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Issue 3

January 2021

Greetings fellow nature lovers

Welcome to the first issue of The Enchanted Nature Newsletter in 2021.

The Promise of Springtime Wildflowers

by Victoria Vacher

    I just came in from splitting logs and stocking firewood with Chris. We are preparing for a snow storm that is heading our way. As I passed by one of our planting beds, I noticed the little green tips of the Snowdrops (Galanthus spp.) pushing up through the cold, hard ground. One of the earliest portents of spring, they usually bloom in late February. Snowdrops lift my spirits annually with the knowledge that spring soon will arrive. As I gazed over the gardens, I contemplated all of the glorious plants that will soon be born from dormant seeds or spring back to life and decorate the landscape. Beneath a cold snowy landscape, there is life! There are seeds from last year's annuals. There are biennials that will emerge into their final season. There are perennials that reliably appear every year like old friends that I haven't seen in some time.


    We have planted many delightful perennials in the years that we have had the privilege of stewarding this piece of land. Mother Nature, of course, had already graced the area with many glorious plants before we came along. There are Daffodils, Crocus, Muscari, Tulips, Iris, Bloodroot, Lily of the Valley, Scilla, Spotted Ligularia, Trillium, Day Lilies, Hellebores and so many more brilliant perennials patiently waiting their turn to emerge. 



 Then there are the shrubs and trees that will also provide us with sensational visual and olfactory pleasure. In spring, our landscape will be emblazoned with vibrant yellow from the hundreds of Forsythia that we have planted. Lilacs (which I adore), Viburnum Carlesi (the fragrance reminds me of my grandmothers garden), Mock Orange, Azaleas, Grapes, Blueberries, Raspberries, Blackberries, Kerria, Mountain Laurel... on and on! Dogwoods, Magnolias, Peaches, Pears, Apples, etc...The excitement and anticipation is already bubbling up as I type this article.

    In addition to avoiding/controlling invasive species, we hope to re-establish native plants and wildflowers in our area. A great deal of poor land management has gone on in the past leading to a decline in wildflower populations. By increasing the wildflower density on our property, hopefully nature will spread them to the surrounding forest. It is a true gift humans have been given that we can partner with nature to become co-creators. Hiking through a forest or park is wonderful, but there is something very intimate about burying seeds, establishing plants, and working with the Earth.

   The older I get the more I try to genuinely appreciate every season, including winter. Being naturalists, like us, you all focus on the seasonal details like changes in the temperature, the constellations at night, the plants around us, animal behavior, and everything that each time of year brings. Hopefully that focus is accompanied with appreciation and joy.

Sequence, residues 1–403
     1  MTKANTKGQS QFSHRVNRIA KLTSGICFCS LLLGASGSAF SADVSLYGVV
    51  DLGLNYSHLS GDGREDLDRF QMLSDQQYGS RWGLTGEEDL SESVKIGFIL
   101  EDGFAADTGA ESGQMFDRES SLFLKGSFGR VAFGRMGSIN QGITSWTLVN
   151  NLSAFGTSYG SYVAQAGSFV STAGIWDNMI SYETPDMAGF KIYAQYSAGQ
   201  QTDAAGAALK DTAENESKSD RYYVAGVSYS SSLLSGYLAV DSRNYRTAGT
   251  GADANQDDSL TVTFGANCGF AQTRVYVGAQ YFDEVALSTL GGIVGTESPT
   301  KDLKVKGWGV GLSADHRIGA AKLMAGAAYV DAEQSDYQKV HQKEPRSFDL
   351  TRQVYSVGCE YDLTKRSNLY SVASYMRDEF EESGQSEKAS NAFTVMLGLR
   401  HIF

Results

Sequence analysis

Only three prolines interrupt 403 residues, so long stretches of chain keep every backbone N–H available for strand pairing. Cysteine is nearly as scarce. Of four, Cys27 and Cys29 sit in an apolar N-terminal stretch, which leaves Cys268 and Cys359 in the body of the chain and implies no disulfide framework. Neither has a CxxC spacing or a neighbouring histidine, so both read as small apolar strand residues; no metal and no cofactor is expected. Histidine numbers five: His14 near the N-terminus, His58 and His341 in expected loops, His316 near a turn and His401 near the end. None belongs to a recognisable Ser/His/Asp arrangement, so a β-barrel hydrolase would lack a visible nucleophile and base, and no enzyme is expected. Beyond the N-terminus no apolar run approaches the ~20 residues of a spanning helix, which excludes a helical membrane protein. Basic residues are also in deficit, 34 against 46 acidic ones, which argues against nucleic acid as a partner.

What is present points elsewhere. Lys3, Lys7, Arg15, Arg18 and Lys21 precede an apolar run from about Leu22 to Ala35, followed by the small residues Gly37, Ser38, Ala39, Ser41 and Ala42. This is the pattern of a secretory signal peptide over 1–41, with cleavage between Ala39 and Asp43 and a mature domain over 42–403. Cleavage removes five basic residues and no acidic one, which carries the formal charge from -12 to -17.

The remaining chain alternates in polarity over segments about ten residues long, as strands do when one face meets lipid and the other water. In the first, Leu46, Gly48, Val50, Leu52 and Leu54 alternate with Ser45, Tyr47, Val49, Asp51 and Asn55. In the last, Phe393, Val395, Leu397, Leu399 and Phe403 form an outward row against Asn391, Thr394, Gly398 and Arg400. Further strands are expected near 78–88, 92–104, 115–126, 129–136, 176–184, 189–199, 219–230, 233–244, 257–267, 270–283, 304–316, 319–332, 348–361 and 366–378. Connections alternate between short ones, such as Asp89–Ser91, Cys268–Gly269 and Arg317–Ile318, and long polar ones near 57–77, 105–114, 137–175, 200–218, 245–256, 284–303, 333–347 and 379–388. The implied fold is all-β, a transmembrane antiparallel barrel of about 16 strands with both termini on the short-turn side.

After all how many springs do we get? How many summers, autumns, and winters?

ENJOY every one of them! 

Spring is indeed coming and we are booking Enchanted Nature Tours beginning in March. If you need a vacation from the virus, it's just a click away...

*From Our Readers*

       A trio of our readers shared some enchanting photos they took while trekking up a snowy Mount Avalon (in New Hampshire) earlier this month.

Thank you for sharing!

This appears to be a fruticose lichen completely encased in ice and snow...BEAUTIFUL!

These are some great pictures of a Canada Jay bird (Perisoreus canadensis). Canada Jays earned the nickname "camp robber" because they are nearly fearless when stealing food from campsites, cabins, and from unaware hikers. Canada Jays are actually considered a nuisance by some. They stash the food in tree bark crevices all summer and then retrieve their loot when harsh winter conditions arrive. They do not migrate and are normally only found at higher elevations. Mount Avalon is at 3,442 feet.

Please share pictures of your nature experiences by sending them to


There are many proven health benefits to spending time in nature. It has also been proven that just looking at images of nature can provide multiple health benefits including: reducing depression, speeding healing, improving your immune system, preventing dementia, improving your mood, and increasing happiness. We plan on ending each newsletter with a short video of a natural scene. Hopefully the videos will provide you with some of the benefits listed above.


is this month's video theme

We will leave you with the sounds of creek water flowing downstream while birds enjoy eating on a cold snowy day.

As you watch our video, try to relax and quiet your mind. 

If you don't see the video, link to the it here:

Stay safe, warm, and enjoy nature.

If you haven't taken the time to explore our website, please do.

There are a lot of free educational resources to enjoy:

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